While such a massive number of hits from one country is unprecedented for my humble site, this weird kind of bot activity is not. Only very belated did I realize that my site was prowled by Russian bots coming up to the 2016 election. During September, October and November of that year, 11.9 percent of my hits came from Russia (after Ireland at 34.13 percent and the U.S. at 20.45 pecent). That had never happened before. Historically, my hits from Russia had always been nil or negligible. Cluelessly, I just shrugged and thought it must have had something to do with a few movies I had reviewed that were made by an Azerbaijani filmmaker. He had contacted me through a Russian email address (Azerbaijan being a former republic in the USSR), and I figured that he must have just had a lot of friends and relatives checking out my reviews of his films.

It was an embarrassingly long time afterward that it dawned on me that it might have had something to do with the 2016 presidential election. In my defense, I was kind of oblivious to the Russian trolling thing because none of those political bot messages everyone talked about seemed to show up in my Facebook feed. Did you know that hidden in your Facebook settings is a profile page where Facebook displays all the information it think it’s found out about you—things like religion, political preference, etc.? From this I know that Facebook has never been able to figure out what political party I support, and maybe that’s why I somehow avoided all the bot propaganda that I kept hearing about in the wake of President Trump’s election.

When the 2020 election rolled around, I was more savvy, so I kept an eye out for any more bot funny business. Sure enough, the numbers went screwy again. In the period from September to November 2020, the second and third most hits (after the U.S. at 36.09 percent) were from Hong Kong (20.26 percent) and China (7.56 percent), respectively. Nothing like that had ever happened before. Does that mean Chinese bots were working mischief during the election? People who had screamed bloody hell about Russian interference four years earlier did not seem concerned about it anyway. After all, the right candidate had won.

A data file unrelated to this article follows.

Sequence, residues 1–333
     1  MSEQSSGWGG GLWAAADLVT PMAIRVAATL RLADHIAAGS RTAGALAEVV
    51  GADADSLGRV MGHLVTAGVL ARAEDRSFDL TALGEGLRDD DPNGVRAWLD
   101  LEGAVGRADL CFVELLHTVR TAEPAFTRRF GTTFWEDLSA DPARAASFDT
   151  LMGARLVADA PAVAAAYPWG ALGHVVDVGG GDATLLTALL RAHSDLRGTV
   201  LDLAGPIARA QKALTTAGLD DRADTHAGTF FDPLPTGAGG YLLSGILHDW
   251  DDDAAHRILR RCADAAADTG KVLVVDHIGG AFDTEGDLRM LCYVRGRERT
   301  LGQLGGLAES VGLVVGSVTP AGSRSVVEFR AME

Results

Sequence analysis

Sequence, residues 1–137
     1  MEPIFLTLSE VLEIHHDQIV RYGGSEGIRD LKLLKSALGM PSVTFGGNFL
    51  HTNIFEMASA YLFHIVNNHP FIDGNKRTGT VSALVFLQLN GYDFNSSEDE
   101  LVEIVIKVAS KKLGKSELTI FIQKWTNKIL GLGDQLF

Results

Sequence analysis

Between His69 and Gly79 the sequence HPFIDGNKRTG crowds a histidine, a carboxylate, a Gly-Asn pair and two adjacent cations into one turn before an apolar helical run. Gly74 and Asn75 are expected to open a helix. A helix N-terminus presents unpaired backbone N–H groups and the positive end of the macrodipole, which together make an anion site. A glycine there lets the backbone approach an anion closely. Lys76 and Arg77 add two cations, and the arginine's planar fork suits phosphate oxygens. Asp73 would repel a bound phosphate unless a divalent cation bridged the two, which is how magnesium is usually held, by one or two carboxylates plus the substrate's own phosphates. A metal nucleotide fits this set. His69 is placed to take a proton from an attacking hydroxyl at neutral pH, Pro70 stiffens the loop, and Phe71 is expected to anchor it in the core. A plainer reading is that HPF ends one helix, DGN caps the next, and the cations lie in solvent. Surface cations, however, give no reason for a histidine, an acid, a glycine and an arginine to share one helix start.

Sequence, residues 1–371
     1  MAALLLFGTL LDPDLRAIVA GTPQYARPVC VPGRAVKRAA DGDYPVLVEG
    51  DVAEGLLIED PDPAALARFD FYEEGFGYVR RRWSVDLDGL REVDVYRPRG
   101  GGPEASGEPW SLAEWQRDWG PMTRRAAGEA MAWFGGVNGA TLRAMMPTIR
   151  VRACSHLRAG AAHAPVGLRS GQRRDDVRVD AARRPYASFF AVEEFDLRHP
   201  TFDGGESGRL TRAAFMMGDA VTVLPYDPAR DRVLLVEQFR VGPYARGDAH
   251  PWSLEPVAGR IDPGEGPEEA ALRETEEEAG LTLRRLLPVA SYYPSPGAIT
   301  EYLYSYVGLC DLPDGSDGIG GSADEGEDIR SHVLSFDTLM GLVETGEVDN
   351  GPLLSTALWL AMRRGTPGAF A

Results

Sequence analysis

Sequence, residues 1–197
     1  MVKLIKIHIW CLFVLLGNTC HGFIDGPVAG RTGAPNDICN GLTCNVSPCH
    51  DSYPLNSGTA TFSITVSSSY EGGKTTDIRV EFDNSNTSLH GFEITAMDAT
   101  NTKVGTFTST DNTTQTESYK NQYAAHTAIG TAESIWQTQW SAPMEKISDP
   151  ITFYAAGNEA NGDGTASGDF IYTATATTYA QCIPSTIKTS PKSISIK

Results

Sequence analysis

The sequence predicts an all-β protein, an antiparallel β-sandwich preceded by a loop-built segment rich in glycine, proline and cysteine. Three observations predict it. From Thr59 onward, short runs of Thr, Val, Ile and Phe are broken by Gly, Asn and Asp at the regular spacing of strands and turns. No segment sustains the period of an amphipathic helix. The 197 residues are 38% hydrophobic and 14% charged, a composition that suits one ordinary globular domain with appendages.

What does it all mean? Beats me. I don’t mind all the extra hits, but it would be nice if, while the bots are at it, they’d click on some of ads and maybe buy something.

We’re definitely in a strange time when it comes to the internet. A few times lately our broadband service has been disrupted by denial-of-service attacks by malicious cyber actors. Also, the entire Irish healthcare system has been forced to go retro because of a ransomware attack (traced by the authorities to Russia) that put its online systems out of commission. That points up the risks in having systems that are overly centralized. There may be other lessons as well. More than one acquaintance who happens to be a nurse has said that they love having the system down. It means a lot less time filling out online forms and more time actually working with patients. It also means fewer statistics on Covid ‑19 cases and death and on progress with vaccinations on the nightly news—something the government may not be all that unhappy about.

Okay, I can understand all the Russian bot activity in 2016 and all the Chinese bot activity in 2020, but what the heck is the deal with Indonesia in May of 2021? That one has me completely confounded. I can only hope the bots are aimed directly at me because one of the characters in my most recent novel Searching for Cunégonde happened to have an Indonesian father.

Wednesday, April 28, 2021

Dates with Destiny

This is a cross-posting with my book blog.

Coming up with titles for a book or a story can be either easy or frustrating.

In the case of the first two installments of the Dallas Green trilogy, the titles came fairly easily. In fact, I had the title Maximilian and Carlotta Are Dead in my head for a long time before I seriously tackled the book itself. It was something a good friend of mine quipped during a discussion about Mexico, and it stuck in my head for years. When it came time for the sequel, the idea of Lautaro’s Spear came to me fairly easily, keeping consistency with the mention of major historical figures of Latin America. The third book, though, was a real struggle. I considered all kinds of figures from Irish history and legend but found them all unworkable. I ended up on settling for Searching for Cunégonde, which referenced a fictional character from French literature.